Every pet parent knows the humor and doting concern that comes with watching their pup dream. Newer owners may have more concerns about this behavior – do all dogs shake when they sleep? Does it mean that they are having a bad dream? What’s the difference between dreaming and having a seizure?
A dog shaking while sleeping could either be dreaming or having a seizure depending on the other symptoms. A tonic-clonic seizure typically involves full body movements, stiff legs, and an inability to be “woken up” from the episode. Even so, the sight of a dog twitching and shivering in their sleep can be a worry to owners, so we will discuss the differences between dreaming and fits here. Let’s get started.
Difference Between Shaking and Twitching
Although shaking and twitching are somewhat similar, there are some key differences between the two behaviors. While one is harmless dream activity, the other can suggest that your dog is developing a seizure disorder.
Shaking During Sleep
In contrast to twitching, shaking is a continuous, irregular, and erratic movement of the body. When awake, a dog might shake when anxious or excited. When asleep, shaking may suggest that your dog is having an upsetting dream. However, violent shaking can also be a type of seizure activity (tonic-clonic), especially when the legs are rigid and stiff. Dogs can have seizures when awake, after waking, and during their sleep, too. But how can you tell the difference between dreaming and a seizure? A dog having a seizure in their sleep cannot be easily woken, while a dreaming dog can. A dog having a seizure may experience disorientation afterward, sometimes having accidents on themselves, drooling, and panting. If this sounds like your dog, speak to your vet right away about your options.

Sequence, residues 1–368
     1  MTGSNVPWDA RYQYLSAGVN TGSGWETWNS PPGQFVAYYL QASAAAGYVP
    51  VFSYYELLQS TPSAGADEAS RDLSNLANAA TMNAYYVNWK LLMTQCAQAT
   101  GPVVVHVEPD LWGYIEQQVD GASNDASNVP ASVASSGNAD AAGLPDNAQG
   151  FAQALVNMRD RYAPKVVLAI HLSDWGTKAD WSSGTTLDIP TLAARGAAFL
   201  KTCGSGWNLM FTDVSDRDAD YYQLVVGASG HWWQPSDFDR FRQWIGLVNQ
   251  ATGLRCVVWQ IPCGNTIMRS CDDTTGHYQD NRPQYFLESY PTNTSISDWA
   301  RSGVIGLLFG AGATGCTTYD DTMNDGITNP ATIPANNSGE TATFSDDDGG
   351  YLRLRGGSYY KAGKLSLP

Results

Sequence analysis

Twitching During Sleep
Like humans, dogs can dream, and they might move in their sleep as they do so. It’s normal for a dog to twitch, paddle, or kick their legs every so often in their sleep. These movements are normally very brief and intermittent, stopping as quickly as they began. Interestingly, puppies and senior dogs tend to twitch in their sleep more than adult dogs do. This may be because certain parts of their brainstem, specifically the medulla and pons, lack development. In conclusion, if your pup twitches in their sleep, it’s likely because they’re dreaming! Do not try to physically wake your dog if you are worried about their behavior. If you must wake them out of concern, do so from a distance and using a soft, gentle voice. Using physical force may frighten your dog and teach them that it’s not safe to sleep.
Dogs Shaking During Sleep: FAQ
Have any more questions about why dogs shake when they sleep? Our Frequently Asked Questions section should have all the answers you need. If in doubt about your dog’s sleeping habits, it’s best to ask your vet for advice.